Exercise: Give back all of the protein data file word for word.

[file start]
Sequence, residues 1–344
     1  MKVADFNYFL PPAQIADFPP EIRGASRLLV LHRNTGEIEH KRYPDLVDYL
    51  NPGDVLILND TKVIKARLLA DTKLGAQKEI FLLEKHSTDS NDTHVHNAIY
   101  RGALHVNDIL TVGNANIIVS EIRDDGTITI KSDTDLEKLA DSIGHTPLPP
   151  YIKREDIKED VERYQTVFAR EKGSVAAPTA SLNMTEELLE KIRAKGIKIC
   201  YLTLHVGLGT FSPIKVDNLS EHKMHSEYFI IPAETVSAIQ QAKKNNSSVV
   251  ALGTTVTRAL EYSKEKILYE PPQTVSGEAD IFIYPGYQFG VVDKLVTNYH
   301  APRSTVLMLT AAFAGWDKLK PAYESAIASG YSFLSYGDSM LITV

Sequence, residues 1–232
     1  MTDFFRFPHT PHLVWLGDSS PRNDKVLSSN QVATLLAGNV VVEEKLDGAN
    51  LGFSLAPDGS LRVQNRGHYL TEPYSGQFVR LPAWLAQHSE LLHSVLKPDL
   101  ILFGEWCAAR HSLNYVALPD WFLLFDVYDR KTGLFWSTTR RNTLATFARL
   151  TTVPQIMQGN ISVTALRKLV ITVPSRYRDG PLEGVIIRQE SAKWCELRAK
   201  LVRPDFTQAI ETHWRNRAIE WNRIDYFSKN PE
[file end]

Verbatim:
Sequence, residues 1–344
     1  MKVADFNYFL PPAQIADFPP EIRGASRLLV LHRNTGEIEH KRYPDLVDYL
    51  NPGDVLILND TKVIKARLLA DTKLGAQKEI FLLEKHSTDS NDTHVHNAIY
   101  RGALHVNDIL TVGNANIIVS EIRDDGTITI KSDTDLEKLA DSIGHTPLPP
   151  YIKREDIKED VERYQTVFAR EKGSVAAPTA SLNMTEELLE KIRAKGIKIC
   201  YLTLHVGLGT FSPIKVDNLS EHKMHSEYFI IPAETVSAIQ QAKKNNSSVV
   251  ALGTTVTRAL EYSKEKILYE PPQTVSGEAD IFIYPGYQFG VVDKLVTNYH
   301  APRSTVLMLT AAFAGWDKLK PAYESAIASG YSFLSYGDSM LITV

Sequence, residues 1–232
     1  MTDFFRFPHT PHLVWLGDSS PRNDKVLSSN QVATLLAGNV VVEEKLDGAN
    51  LGFSLAPDGS LRVQNRGHYL TEPYSGQFVR LPAWLAQHSE LLHSVLKPDL
   101  ILFGEWCAAR HSLNYVALPD WFLLFDVYDR KTGLFWSTTR RNTLATFARL
   151  TTVPQIMQGN ISVTALRKLV ITVPSRYRDG PLEGVIIRQE SAKWCELRAK
   201  LVRPDFTQAI ETHWRNRAIE WNRIDYFSKN PE